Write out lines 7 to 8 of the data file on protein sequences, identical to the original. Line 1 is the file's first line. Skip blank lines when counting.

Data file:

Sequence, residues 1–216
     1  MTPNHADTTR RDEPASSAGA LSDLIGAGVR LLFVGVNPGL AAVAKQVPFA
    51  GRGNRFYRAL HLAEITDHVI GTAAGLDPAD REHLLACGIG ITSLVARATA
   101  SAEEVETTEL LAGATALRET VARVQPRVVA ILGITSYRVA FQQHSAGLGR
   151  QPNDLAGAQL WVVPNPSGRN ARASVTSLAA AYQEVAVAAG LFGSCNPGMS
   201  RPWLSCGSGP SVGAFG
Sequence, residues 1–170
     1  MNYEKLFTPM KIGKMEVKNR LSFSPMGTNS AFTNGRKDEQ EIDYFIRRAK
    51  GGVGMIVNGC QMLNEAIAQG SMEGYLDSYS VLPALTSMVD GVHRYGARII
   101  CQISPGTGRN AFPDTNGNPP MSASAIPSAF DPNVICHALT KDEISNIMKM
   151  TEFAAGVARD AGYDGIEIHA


Sequence, residues 1–170
     1  MNYEKLFTPM KIGKMEVKNR LSFSPMGTNS AFTNGRKDEQ EIDYFIRRAK